Uncertain Numbers and Inauguration Paranoia

On January 20, something is coming to Washington D.C. Whether it’s change or millions of people waiting in three-hour lines to use the bathroom, it will be interesting to see how the District handles this two-day mass influx.

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On January 20, change is coming to Washington D.C. — along with anywhere between one and five million Obama fans who will brave 33-degree temperatures while sharing 5,000 porta-potties. George Washington University Professor John Banzhaf has written the Presidential Inaugural Committee warning of the rather unpleasant smell of potential porta-potty lawsuits. Another George, our outgoing president, has declared a state of emergency over the event that will cost the metropolitan area around $100 million dollars.

The Washington Metro Transit Authority (WMATA) is preparing to serve 120,000 passengers an hour — its maximum capacity — for the entire day starting at 3 a.m., and is printing two million inaugural subway system maps. If trouble breaks out, there will be 10,000 U.S. National Guard personnel, 8,000 D.C. Police and 550 Metro Police on hand. That doesn’t include the 10,000 military personnel that will be marching in the parade. The route of the parade is flanked by 5,000 bleacher seats, which sold out in less than one minute at $25 a pop.

Local residents are renting out their one-bedroom apartments on Craigslist for as high as $10,000 for the weekend. One homeowner, whose address is less than a mile away from mine, is asking for $40,000 for a two-bedroom house. You can still get a hotel in sort-of nearby Fairfax, Virginia for $200 a night, but you won’t be able to drive to the inauguration as the district is cutting off several access routes from the beltway. Because of the potential traffic nightmare, most people who work in D.C. will be treated to a long weekend.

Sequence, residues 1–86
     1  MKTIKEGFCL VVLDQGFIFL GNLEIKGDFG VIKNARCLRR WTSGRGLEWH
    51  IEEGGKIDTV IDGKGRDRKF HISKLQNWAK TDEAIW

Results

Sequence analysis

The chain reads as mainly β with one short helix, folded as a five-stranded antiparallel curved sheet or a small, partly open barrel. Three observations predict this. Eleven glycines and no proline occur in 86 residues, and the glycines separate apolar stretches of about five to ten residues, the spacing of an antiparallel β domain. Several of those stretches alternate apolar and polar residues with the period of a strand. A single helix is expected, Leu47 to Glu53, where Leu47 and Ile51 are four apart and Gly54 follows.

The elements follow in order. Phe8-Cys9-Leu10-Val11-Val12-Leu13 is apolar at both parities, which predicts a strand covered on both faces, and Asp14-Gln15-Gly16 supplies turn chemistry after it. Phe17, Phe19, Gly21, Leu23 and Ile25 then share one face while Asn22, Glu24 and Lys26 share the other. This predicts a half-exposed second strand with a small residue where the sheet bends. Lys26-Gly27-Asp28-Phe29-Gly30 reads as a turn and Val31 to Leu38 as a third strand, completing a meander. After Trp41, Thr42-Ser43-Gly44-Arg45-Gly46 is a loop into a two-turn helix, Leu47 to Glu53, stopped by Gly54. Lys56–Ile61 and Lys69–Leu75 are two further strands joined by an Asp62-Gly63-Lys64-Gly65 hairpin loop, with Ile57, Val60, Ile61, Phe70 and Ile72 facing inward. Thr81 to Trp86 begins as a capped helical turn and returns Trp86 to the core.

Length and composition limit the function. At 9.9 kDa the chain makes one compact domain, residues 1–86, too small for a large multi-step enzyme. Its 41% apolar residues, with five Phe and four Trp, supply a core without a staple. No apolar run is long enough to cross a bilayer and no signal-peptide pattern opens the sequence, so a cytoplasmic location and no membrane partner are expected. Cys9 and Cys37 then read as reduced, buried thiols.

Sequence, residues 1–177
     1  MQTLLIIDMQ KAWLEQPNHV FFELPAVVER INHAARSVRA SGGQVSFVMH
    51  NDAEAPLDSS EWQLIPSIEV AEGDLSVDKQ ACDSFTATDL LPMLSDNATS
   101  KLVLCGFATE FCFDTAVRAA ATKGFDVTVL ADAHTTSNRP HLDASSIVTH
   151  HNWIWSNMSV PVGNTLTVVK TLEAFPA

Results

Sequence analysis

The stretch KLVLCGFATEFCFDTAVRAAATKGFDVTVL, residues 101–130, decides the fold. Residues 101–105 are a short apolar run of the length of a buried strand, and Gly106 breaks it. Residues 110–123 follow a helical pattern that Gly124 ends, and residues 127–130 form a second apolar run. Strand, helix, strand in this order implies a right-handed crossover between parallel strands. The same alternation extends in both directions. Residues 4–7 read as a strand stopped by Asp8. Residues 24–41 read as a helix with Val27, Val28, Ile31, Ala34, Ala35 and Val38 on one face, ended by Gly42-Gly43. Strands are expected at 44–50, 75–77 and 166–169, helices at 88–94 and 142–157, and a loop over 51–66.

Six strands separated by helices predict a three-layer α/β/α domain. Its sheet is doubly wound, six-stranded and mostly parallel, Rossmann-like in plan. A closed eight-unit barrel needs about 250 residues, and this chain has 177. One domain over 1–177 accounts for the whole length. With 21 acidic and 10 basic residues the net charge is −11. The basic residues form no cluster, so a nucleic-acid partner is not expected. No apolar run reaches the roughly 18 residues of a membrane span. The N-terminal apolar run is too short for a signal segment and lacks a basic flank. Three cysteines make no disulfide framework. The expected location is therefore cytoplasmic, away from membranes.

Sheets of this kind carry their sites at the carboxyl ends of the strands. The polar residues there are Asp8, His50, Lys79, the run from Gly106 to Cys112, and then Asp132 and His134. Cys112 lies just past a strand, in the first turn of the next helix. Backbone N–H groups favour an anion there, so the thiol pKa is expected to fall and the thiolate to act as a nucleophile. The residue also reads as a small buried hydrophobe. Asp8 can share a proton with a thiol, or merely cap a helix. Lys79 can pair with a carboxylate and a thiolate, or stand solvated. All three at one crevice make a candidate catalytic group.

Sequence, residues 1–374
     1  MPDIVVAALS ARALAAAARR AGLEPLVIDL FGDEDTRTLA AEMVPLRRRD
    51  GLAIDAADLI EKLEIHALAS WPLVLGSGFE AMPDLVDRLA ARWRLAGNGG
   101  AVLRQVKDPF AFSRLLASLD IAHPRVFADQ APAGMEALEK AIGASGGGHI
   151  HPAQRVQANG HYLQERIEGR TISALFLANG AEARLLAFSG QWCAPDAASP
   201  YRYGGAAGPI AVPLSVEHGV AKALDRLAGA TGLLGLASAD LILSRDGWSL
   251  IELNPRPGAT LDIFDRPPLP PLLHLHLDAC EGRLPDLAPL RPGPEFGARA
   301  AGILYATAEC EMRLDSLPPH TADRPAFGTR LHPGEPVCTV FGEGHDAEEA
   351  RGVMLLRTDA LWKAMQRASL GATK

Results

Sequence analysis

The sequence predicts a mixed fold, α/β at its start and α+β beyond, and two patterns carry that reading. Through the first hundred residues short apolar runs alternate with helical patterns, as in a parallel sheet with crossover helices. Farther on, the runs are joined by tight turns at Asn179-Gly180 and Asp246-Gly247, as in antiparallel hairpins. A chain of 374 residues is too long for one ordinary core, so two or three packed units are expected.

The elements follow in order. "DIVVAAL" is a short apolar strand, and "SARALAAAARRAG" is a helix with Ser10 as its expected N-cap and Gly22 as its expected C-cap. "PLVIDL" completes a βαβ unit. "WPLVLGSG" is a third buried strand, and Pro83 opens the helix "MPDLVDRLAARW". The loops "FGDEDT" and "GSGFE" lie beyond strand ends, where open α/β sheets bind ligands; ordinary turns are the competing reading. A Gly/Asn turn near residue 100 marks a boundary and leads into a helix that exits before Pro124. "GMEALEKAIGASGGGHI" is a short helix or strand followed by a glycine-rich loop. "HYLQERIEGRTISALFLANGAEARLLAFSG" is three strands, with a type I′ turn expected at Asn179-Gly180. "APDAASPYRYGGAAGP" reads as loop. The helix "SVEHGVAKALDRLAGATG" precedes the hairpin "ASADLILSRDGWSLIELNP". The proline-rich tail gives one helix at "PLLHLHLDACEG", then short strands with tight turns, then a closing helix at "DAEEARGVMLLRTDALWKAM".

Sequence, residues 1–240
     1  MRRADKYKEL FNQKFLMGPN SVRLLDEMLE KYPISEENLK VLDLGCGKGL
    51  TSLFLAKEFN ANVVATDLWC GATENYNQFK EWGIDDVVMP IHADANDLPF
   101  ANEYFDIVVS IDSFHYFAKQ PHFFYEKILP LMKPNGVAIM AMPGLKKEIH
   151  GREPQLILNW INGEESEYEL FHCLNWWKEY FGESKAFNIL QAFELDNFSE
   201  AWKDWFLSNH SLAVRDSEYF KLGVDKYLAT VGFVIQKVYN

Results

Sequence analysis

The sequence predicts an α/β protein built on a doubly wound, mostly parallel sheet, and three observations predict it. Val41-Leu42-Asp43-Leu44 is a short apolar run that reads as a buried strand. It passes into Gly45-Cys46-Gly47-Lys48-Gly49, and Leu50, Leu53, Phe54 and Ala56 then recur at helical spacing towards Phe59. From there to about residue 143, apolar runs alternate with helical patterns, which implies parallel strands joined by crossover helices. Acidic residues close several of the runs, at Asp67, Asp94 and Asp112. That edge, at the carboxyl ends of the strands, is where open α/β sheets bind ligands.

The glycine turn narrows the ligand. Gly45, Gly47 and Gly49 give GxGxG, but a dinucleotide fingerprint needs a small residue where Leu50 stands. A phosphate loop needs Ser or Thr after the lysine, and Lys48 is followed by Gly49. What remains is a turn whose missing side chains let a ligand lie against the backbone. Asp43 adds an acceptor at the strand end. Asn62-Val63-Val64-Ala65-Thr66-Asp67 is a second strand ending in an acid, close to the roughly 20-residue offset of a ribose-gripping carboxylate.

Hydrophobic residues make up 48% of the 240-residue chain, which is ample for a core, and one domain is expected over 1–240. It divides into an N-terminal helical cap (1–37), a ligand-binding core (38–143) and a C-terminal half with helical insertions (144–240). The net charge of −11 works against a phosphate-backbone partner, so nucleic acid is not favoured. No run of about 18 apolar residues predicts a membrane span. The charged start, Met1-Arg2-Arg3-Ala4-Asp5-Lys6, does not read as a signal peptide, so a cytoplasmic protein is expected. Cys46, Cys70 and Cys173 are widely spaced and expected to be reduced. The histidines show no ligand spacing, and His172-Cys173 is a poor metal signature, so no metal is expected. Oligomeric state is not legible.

There are signs, however, that the estimates may be a little too high. Calls to Dulles, Ronald Reagan and BWI airports reveal that while air traffic is slightly higher on inauguration weekend compared to other weekends in January, there are still plenty of flights available. In November, estimates for the inauguration crowd reached 5 million, but The Washington Post has whittled that number down to 2 million. Over 10,000 charter buses were once said to have been scheduled to trek to the National Mall, but the District now has that number down to 3,000.

The events leading up to Obama’s big day mirror those that took place before 1994’s Million Man March, also in D.C. Original crowd estimates for that event reached as high as 3 million. D.C. Police estimated that 400,000 actually attended the event — and that was in October, when the temperature wasn’t near freezing.

The only thing certain about January 20 is that something is coming to Washington D.C., and whether it’s change or millions of people waiting in three-hour lines to use the bathroom, it will be interesting to see how the District handles this two-day mass influx.

Stay tuned to the Daily Report during the inauguration as former NAC contributors Calista Condo, Nissa Lee and I live blog from the event!

Some inauguration resources for the brave:
44 Free and Affordable Obama Inauguration Experiences by Washington.org
Couch Surf For Inauguration Lodging at CouchSurfing.com
WMATA Mass Transit Inaurguration Information Center
courtesy of Wmata.com
The Green Inaugural Ball with Wyclef Jean

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Tags: public transportationwashington dc

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